We’re thrilled to finally bring Pet Sematary to King’s audiobook fans,” Simon & Schuster Audio president and publisher Chris Lynch added. “Michael C. Hall is a perfect match for this timeless story, which has long deserved an unabridged production.

The unabridged audiobook of Pet Sematary will be released by Simon & Schuster Audio on March 27. Speaking of Hall… you know he would make a pretty friggin’ good casting choice to play Victor Pascow in the upcoming Pet Sematary remake. Just sayin’.

BUY IT NOW!

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Saw-inspired Game Play With Me Sets a Trap on Steam

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Saw fans have a lot to be happy about right now. In addition to Jigsaw being teased for Dead by Daylight, a new Saw-themed game called Play With Me has launched on Steam, and although it’s not officially connected with the franchise in any way, developer Airem promised that they created a videogame which looks and plays as though it were made by Jigsaw himself. As you can tell from the trailer and screenshots, the production values and overall quality of Play With Me appear to be considerably higher than most other indie horror games released on Steam, and you’ll probably be very happy to see that Airem took the time and effort to create stylized hand drawn environments rather than using purchased assets from the Unity Store.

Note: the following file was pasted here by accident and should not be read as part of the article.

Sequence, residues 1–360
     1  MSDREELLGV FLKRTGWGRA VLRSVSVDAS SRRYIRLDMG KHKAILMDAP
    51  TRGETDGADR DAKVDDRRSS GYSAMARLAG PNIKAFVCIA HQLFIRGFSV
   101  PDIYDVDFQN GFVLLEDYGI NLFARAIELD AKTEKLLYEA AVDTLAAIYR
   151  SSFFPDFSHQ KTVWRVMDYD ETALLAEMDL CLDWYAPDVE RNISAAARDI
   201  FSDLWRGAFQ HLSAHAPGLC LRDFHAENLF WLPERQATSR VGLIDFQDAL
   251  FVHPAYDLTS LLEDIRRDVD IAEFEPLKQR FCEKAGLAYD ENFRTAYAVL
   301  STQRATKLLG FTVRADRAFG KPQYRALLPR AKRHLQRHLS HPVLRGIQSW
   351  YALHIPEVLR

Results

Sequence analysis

The killer behind the sinister traps in Play With Me is known as the Illusion, with the player taking control of investigative journalist Robert Hawk as he tries to fight his way through a series of sick and twisted obstacles created by the lunatic. The voice acting in the trailer was a little cheesy, although we see at 1:09 that the player will be tasked with using a kitchen knife to cut open a dead body (presumably to retrieve an item hidden in the cadaver’s stomach), which is not an image you’ll be forgetting anytime soon.

IQ Publishing are offering a 15% discount off Play With Me for those who purchase the game before January 24, so Saw fans might want to mark that deadline in their calendars and purchase it from Steam before the time is up. After all, it can’t be worse than Konami’s awful official Saw videogames.